Bulls

Derrick Rose attends Bulls shootaround; status to be determined

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Derrick Rose attends Bulls shootaround; status to be determined

The Bulls had a surprise visitor of sorts at their morning shootaround as they prepared for their fourth preseason game Tuesday morning.

As in their starting point guard, Derrick Rose, still recovering from orbital bone surgery after an injury he suffered on the first day of training camp. It’s the first time he’s been back to the Advocate Center since that day he was inadvertently nailed with an elbow by a teammate on Sept. 30.

“Derrick’s in the building,” Bulls coach Fred Hoiberg said. “It was great to see him. We’ll get with him and watch some individual film after practice. He still isn’t able to do anything as far as court work. Hopefully, he’ll get clearance in the next couple days to at least get a sweat going and getting a little bit of running.”

Hoiberg hopes Rose will be on the bench tonight for the game, but isn’t sure whether he will.

“That's yet to be determined,” Hoiberg said. “We'll see how he's feeling. But it'll be good for him. I think it'll be good to get him back out there. If he's not the bench, he'll at least be in the building.”

[RELATED: Until Butler and Rose succeed together, speculation will always loom]

Said forward Doug McDermott: “Since the first day of practice, I haven’t seen him at all. It’s good to see him back in the facility. He looks great and we’re looking forward to getting him back.”

Rose underwent surgery Oct. 1, and while the initial prognosis stated Rose should be available for opening night on Oct. 27, nobody will know how quickly his eye will heal. He has another checkup on Thursday and is suffering from blurred vision, a common side effect after a procedure of that nature.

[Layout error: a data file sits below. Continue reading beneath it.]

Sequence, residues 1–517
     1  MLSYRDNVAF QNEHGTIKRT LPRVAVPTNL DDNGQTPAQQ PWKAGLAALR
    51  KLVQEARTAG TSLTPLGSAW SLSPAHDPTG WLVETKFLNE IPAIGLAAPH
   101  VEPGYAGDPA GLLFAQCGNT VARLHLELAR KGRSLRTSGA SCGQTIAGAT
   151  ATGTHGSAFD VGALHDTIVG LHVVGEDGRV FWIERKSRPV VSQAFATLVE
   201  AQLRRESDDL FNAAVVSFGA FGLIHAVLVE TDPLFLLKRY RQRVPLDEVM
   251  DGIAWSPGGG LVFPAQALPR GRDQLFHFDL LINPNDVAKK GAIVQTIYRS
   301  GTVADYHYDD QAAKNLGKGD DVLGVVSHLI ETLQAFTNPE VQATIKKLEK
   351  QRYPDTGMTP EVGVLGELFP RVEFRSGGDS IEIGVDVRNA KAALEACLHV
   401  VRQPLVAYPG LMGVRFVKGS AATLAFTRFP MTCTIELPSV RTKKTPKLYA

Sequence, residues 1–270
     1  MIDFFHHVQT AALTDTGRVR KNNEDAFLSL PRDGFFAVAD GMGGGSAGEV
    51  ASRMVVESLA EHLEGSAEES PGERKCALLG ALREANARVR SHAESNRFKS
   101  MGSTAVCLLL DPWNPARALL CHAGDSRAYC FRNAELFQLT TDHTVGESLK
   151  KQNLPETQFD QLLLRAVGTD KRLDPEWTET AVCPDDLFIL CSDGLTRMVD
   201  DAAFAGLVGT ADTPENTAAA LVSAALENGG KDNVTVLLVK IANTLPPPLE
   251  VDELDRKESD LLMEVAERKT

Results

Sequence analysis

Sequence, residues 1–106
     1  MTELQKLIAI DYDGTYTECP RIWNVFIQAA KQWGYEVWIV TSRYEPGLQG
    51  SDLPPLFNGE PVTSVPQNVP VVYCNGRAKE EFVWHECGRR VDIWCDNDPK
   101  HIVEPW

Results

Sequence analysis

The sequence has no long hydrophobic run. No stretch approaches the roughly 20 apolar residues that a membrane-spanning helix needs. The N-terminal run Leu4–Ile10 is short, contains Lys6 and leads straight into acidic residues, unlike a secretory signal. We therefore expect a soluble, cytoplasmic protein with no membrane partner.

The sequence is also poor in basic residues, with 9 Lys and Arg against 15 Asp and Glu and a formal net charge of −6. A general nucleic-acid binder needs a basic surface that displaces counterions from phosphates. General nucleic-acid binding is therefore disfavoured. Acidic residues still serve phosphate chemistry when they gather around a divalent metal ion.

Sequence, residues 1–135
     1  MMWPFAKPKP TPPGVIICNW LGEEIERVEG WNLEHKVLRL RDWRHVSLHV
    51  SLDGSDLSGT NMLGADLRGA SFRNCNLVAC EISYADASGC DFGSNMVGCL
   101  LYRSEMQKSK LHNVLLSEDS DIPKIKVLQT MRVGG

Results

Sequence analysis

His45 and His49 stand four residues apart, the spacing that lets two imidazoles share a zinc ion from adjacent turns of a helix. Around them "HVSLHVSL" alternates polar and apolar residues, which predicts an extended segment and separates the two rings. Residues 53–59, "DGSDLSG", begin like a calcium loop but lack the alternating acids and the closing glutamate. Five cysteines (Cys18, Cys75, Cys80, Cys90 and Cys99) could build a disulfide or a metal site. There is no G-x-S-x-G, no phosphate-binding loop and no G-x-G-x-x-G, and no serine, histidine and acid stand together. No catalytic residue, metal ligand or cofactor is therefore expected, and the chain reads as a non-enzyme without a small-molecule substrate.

Hoiberg isn’t sure if Rose will wear a mask when he returns, a commonly used protective measure for players in such instances, but it’s a good bet to say he will, at least early on.

“If he likes it, he may want to keep it on for protection,” Hoiberg said. “But as long as that bone is healed, I’m sure that will be a decision the doctors and trainers make.”

The longer Rose is away from the team, the harder it’ll be for him to pick up the increased nuances of Hoiberg’s offensive system. The staff has visited Rose with game film in tow when he wasn’t able to have his eye exposed to sunlight to keep him abreast, but there’s nothing like actual game action to be able to read and react to given situations.

“It will help to get him out here running. Different guys learn different ways,” Hoiberg said. “I think it’s very important once we get him back to show him and be able to run it first-hand to get the timing right. But he’s able to pick it up quick. It’s a lot of the same things we were doing, just adding on different wrinkles and different options. From Derrick’s standpoint, the biggest thing is just getting out of the house. He was getting such cabin fever. The opportunity for him to get back in here is very important.”